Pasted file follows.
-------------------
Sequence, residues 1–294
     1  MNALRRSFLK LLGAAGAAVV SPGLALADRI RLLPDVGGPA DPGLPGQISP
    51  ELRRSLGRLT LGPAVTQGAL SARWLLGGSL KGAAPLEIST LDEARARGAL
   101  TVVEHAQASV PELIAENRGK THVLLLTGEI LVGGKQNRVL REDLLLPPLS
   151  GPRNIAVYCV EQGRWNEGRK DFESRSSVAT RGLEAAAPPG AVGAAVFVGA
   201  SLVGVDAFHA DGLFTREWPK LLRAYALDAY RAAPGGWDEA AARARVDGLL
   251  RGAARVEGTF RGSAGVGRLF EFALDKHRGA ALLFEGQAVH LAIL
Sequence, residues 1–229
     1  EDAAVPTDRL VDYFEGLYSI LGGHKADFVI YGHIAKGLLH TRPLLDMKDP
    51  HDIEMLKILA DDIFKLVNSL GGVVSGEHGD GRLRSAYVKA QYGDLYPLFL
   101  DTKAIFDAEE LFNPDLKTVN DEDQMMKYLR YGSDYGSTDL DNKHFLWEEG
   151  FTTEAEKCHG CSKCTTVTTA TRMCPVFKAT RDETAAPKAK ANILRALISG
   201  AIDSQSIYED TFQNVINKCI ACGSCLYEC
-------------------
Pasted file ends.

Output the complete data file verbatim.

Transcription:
Sequence, residues 1–294
     1  MNALRRSFLK LLGAAGAAVV SPGLALADRI RLLPDVGGPA DPGLPGQISP
    51  ELRRSLGRLT LGPAVTQGAL SARWLLGGSL KGAAPLEIST LDEARARGAL
   101  TVVEHAQASV PELIAENRGK THVLLLTGEI LVGGKQNRVL REDLLLPPLS
   151  GPRNIAVYCV EQGRWNEGRK DFESRSSVAT RGLEAAAPPG AVGAAVFVGA
   201  SLVGVDAFHA DGLFTREWPK LLRAYALDAY RAAPGGWDEA AARARVDGLL
   251  RGAARVEGTF RGSAGVGRLF EFALDKHRGA ALLFEGQAVH LAIL
Sequence, residues 1–229
     1  EDAAVPTDRL VDYFEGLYSI LGGHKADFVI YGHIAKGLLH TRPLLDMKDP
    51  HDIEMLKILA DDIFKLVNSL GGVVSGEHGD GRLRSAYVKA QYGDLYPLFL
   101  DTKAIFDAEE LFNPDLKTVN DEDQMMKYLR YGSDYGSTDL DNKHFLWEEG
   151  FTTEAEKCHG CSKCTTVTTA TRMCPVFKAT RDETAAPKAK ANILRALISG
   201  AIDSQSIYED TFQNVINKCI ACGSCLYEC